We went through the 5 hours flight to LAX and after crossing ALL the airport with the antediluvian shuttle system and, after a few hours wait, we boarded the 13 hour flight to Auckland.
Arriveing in Auckland we, again, presented ourselves to the New Zealand Police and declared our rifles. They started to fill out a license and permit form, but we told them that according to the Wellington Police that was not necessary. We showed them again the printed EMail and they requested to take a copy as they were unsure of how to handle Spring Piston airguns. The policeman then wrote in his copy all the details of both rifles.
After an hour and a half of extremely friendly conversation with the customs, bio-security section and the border protection people; and after telling them they would get a lot more airguns in the next week or so, we tackled the rental car agency and took delivery of our ride: a left handed Holden Barina (similar to the Chevrolet Spark):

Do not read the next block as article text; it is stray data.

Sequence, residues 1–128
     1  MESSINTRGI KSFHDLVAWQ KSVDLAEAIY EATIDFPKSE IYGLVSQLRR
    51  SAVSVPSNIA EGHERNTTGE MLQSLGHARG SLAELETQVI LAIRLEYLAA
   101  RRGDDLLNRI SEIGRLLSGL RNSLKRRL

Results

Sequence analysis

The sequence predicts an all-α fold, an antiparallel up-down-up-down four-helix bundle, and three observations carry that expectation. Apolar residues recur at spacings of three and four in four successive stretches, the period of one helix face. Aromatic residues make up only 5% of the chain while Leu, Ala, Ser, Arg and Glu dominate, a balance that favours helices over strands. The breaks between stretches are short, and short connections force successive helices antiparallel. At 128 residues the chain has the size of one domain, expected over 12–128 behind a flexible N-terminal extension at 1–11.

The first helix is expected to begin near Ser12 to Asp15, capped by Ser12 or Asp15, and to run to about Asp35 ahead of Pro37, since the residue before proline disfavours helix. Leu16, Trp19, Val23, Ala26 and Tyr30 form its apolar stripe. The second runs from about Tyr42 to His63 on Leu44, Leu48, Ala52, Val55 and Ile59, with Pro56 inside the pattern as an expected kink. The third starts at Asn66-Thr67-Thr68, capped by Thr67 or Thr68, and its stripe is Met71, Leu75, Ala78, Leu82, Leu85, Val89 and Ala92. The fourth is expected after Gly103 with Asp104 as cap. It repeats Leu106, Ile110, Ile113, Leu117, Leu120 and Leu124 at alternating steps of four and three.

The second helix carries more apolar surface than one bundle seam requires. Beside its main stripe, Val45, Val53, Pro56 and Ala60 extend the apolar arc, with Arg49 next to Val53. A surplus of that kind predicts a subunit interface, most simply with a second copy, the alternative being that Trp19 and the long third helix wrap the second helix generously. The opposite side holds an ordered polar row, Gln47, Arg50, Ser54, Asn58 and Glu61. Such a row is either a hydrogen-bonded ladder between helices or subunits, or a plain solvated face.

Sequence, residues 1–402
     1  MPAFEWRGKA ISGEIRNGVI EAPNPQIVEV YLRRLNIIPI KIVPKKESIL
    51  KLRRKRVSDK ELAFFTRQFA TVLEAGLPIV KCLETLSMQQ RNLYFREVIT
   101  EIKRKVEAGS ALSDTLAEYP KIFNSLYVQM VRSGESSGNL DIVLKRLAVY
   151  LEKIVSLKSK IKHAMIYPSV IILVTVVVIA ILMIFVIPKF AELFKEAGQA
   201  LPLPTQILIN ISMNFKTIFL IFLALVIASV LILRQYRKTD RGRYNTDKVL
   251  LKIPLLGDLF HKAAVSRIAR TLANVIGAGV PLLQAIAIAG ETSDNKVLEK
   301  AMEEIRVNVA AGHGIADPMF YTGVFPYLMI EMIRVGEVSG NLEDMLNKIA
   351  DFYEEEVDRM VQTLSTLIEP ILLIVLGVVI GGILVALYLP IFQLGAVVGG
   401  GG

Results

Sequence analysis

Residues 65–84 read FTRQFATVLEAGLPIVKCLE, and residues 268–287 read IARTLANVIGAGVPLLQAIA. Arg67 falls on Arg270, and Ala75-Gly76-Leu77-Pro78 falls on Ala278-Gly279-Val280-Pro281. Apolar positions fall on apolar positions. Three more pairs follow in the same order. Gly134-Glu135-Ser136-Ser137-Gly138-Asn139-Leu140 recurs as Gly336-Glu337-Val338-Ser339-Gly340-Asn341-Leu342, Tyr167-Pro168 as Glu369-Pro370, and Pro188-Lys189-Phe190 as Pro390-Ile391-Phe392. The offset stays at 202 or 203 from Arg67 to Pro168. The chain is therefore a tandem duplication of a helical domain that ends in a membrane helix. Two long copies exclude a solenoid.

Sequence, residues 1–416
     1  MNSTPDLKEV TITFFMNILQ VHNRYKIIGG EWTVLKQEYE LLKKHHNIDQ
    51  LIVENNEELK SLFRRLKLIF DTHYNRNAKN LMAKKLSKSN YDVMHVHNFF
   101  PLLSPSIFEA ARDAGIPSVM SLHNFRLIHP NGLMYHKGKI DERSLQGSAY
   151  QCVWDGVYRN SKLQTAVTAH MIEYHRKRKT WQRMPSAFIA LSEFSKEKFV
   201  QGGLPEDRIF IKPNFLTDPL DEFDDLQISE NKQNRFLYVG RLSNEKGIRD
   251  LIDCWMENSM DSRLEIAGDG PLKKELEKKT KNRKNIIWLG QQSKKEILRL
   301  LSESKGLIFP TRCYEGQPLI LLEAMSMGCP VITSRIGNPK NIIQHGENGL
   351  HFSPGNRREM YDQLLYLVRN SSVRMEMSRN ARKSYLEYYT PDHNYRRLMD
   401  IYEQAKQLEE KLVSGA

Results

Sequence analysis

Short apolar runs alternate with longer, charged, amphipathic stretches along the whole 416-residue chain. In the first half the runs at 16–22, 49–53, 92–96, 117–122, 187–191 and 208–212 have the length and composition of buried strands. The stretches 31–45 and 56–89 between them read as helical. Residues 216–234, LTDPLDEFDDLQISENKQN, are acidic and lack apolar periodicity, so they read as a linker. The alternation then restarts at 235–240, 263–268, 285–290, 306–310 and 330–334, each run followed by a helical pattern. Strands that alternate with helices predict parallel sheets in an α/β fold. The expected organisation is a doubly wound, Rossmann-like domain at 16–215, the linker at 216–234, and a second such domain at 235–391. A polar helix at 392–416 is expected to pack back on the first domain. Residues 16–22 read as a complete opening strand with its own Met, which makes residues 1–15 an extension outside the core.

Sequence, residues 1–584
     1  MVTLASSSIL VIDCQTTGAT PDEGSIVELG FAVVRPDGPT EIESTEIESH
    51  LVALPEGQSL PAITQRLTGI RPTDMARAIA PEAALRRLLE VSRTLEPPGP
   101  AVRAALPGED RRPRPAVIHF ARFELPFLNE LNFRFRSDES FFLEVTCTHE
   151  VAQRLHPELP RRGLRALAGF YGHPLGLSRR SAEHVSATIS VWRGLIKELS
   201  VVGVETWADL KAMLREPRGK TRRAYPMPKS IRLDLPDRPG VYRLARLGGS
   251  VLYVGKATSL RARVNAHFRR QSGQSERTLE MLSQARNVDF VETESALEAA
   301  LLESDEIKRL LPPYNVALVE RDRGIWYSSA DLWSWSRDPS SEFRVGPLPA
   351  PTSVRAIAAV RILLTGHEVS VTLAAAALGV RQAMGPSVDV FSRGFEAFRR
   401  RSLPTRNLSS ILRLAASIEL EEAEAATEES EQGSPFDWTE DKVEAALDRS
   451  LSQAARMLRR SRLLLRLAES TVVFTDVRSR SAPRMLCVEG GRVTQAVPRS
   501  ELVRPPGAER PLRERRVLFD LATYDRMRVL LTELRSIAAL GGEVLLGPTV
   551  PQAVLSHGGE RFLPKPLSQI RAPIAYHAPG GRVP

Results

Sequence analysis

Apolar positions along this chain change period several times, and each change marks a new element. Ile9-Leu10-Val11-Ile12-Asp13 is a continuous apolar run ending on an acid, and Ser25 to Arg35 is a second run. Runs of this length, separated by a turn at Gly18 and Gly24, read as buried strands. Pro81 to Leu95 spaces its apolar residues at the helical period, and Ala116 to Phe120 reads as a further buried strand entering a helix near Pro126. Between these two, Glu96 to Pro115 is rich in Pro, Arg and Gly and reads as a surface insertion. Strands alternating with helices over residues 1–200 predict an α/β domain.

Bay of Islands was as north as we would get in New Zealand, from there we started trekking through the wonderful natural setting that makes up the astounding flora and fauna of New Zealand.
From 3,000 years old trees to white flightless birds not bigger than a farm hen, to huge birds larger than a small giraffe, to wines and other wonders, New Zealand is truly "Middle Earth" in the best of the Tolkienesque terms.
Brief, separate, conversations with Kaidu Jalakas (Team Estonia), George Harde (Team Canada), Jaime Artaza (Team Chile) and ourselves made it clear that we wanted as inclusive an event as possible, and it was therefore decided to use TWO scores out of each National Team for the awards.
Having ironed that out, we set out for the range.